I'm new to woodworking so hopefully this question falls within this exchanges guidelines, please advise if not.

I'm trying to drill the screw below into plywood as shown in the photo: enter image description here

There will be a block of wood in the slot in the above photo that I worry will split if I don't drill a pilot hole first. The only issue is that my drill bit is not long enough to make it all the way through. As shown below: enter image description here

So I realized that I need to buy a new drill bit but I am struggling even to do that. My drill (shown below) seems to only accept hex shaped drill bits which drastically limits my selection. enter image description here

These are the screws I'm trying to drill, they are 12 x 3 inches long, shown below: enter image description here

Why are the screws listed as size 12 but all drill bits are listed as fractions as shown here? How am I supposed to know what size is correct? And moreover, how can I tell if the length of the bits are at least 3 inches none of the packaging seems to list length, only the size as a fraction. :

enter image description here

To complicate matters, I want the screw to be perfectly flush so I believe I need a countersink to do that properly, I've been looking at the countersinks below I can't tell if the bits are at least 3 inches or whether the width is correct. enter image description here

I am totally overwhelmed at this point - which drill bit should I be using?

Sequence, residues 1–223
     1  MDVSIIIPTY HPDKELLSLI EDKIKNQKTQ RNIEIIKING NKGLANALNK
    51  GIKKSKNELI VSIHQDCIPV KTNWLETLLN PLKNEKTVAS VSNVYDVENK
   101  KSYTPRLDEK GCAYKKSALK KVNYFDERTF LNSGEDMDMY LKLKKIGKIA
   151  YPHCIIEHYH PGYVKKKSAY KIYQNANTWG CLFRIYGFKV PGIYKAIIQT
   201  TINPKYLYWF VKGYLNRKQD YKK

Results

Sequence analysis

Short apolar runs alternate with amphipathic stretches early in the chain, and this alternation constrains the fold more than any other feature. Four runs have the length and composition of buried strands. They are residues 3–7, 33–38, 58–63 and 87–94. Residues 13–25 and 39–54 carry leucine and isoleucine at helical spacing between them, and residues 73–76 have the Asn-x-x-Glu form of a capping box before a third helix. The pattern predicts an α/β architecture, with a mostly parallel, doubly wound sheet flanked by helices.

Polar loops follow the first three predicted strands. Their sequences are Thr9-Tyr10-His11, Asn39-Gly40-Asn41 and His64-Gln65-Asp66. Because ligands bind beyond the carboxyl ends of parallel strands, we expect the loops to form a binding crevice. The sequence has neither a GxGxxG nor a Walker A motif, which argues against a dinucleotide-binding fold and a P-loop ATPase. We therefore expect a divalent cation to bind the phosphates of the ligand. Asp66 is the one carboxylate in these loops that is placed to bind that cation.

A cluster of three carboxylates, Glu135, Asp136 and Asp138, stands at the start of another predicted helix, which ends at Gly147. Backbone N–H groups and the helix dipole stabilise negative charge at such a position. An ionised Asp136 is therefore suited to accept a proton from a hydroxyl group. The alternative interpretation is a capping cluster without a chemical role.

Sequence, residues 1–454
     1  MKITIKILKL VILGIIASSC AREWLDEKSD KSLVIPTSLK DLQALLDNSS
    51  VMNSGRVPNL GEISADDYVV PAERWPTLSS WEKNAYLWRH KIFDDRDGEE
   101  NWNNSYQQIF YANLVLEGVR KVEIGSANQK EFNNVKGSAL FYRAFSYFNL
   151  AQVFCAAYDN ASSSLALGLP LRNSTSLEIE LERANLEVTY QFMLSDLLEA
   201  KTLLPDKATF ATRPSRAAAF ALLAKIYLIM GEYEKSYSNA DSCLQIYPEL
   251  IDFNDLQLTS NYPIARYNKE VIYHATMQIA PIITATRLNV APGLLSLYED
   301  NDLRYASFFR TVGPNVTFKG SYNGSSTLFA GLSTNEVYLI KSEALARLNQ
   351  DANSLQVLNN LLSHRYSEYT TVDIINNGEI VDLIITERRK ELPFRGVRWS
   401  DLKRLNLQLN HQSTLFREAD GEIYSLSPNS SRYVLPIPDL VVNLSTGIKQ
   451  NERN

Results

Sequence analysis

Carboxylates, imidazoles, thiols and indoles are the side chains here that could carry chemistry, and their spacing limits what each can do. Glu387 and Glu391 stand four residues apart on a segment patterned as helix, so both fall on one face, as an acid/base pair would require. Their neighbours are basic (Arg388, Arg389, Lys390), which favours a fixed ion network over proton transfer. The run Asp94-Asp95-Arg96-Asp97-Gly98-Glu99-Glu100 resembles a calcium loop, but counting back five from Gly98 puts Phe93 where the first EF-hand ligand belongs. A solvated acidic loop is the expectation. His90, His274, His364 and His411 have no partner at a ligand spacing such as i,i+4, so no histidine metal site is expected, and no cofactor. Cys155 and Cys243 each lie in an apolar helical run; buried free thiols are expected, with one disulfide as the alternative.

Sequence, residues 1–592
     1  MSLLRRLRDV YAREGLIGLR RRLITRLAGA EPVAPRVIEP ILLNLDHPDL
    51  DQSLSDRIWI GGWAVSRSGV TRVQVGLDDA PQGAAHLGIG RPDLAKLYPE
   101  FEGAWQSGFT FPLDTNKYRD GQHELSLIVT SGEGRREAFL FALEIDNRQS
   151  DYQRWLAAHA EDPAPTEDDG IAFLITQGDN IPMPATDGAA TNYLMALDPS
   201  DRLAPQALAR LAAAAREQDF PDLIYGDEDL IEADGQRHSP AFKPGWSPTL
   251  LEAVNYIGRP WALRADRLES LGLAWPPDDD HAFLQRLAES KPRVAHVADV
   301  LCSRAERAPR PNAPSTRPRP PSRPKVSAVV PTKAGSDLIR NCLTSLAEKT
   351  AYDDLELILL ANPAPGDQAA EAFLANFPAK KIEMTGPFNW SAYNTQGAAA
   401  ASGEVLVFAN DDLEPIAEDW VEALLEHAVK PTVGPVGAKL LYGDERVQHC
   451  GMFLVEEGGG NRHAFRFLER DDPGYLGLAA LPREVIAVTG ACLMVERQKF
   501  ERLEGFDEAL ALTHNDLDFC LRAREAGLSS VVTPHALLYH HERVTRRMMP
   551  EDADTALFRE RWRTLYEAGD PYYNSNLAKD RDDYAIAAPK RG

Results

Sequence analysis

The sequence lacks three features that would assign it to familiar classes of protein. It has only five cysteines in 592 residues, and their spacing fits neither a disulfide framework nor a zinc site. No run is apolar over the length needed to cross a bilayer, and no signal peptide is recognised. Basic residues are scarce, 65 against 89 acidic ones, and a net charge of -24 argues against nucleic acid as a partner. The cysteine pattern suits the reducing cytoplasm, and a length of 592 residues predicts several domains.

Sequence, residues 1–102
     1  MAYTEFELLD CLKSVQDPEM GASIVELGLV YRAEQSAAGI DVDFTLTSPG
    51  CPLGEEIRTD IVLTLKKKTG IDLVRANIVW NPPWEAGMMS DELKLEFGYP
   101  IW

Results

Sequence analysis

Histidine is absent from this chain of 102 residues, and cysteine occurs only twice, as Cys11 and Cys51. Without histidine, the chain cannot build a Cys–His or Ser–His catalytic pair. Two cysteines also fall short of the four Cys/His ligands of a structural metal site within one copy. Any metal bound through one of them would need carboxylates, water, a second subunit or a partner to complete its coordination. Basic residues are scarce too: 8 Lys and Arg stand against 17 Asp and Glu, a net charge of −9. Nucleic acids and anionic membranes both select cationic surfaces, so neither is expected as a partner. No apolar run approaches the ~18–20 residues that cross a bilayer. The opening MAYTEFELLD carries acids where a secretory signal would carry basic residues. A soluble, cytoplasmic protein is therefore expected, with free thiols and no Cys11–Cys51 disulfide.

• 1
    That's not a drill, that's an impact driver that people just happen to make drill bits for. Commented Oct 26, 2018 at 9:50
  • 1
    @ratchetfreak judging by the clutch settings, it's probably a drill driver and not an impact driver. DeWalt (and some other companies) makes hex chuck drill drivers, mostly in the 12V product range.
    – Eli Iser
    Commented Oct 26, 2018 at 12:19
  • Well-asked Question. Two previous Q&As you might like to read that will help in the future, Which type of drill bit for which jobs? and How can you make a regular screw into a self tapping screw?
    – Graphus
    Commented Oct 26, 2018 at 15:26
  • Here is some information about screw sizing: diy.stackexchange.com/questions/13824/… . Basically, they're measured in gauge instead of size because there's a lot of sizes close together, so just measuring the major diameter would be error-prone. Commented Oct 26, 2018 at 16:05
  • It is definitely a drill not an impact driver. It doesn't make the same noise as impact drivers do. Just a weird drill
    – Matt
    Commented Oct 26, 2018 at 16:13

1 Answer 1


The tapered bits are the proper bit for that process. You can by (and most do) with just using a properly sized standard drill bit.

Here is a chart for screw size vs bit size based on the type of wood you are drilling into: Wood Screw Pilot Hole Sizes

The standard bits are more useful overall, so if you don't want to spend the money now on the tapered bits, just get the first set you linked and use those.

Regarding your drill. You will almost certainly want to invest in a drill with a standard chuck at some point. A standard three jaw chuck supports more bit sizes, and will have less runout (wobble in the bit that causes the hole to enlarge).

  • Do you know if the tapered bits are long enough? I can't see anywhere that indicates whether the one I need (I believe the #10) is at least 3 inches
    – Matt
    Commented Oct 26, 2018 at 16:12
  • They are probably long enough to do the job. You are not as likely to split the wood once you are in a ways. Alternatively, you could use some better screws (SPAX or GRK) that have a limited self-drilling tip.
    – LeeG
    Commented Oct 26, 2018 at 16:24
  • 1
    I just got home and measured my set. It looks like if you remove the counter sink head, you could drill up to 2 1/4" with the #10 taper bit.
    – LeeG
    Commented Oct 26, 2018 at 22:12

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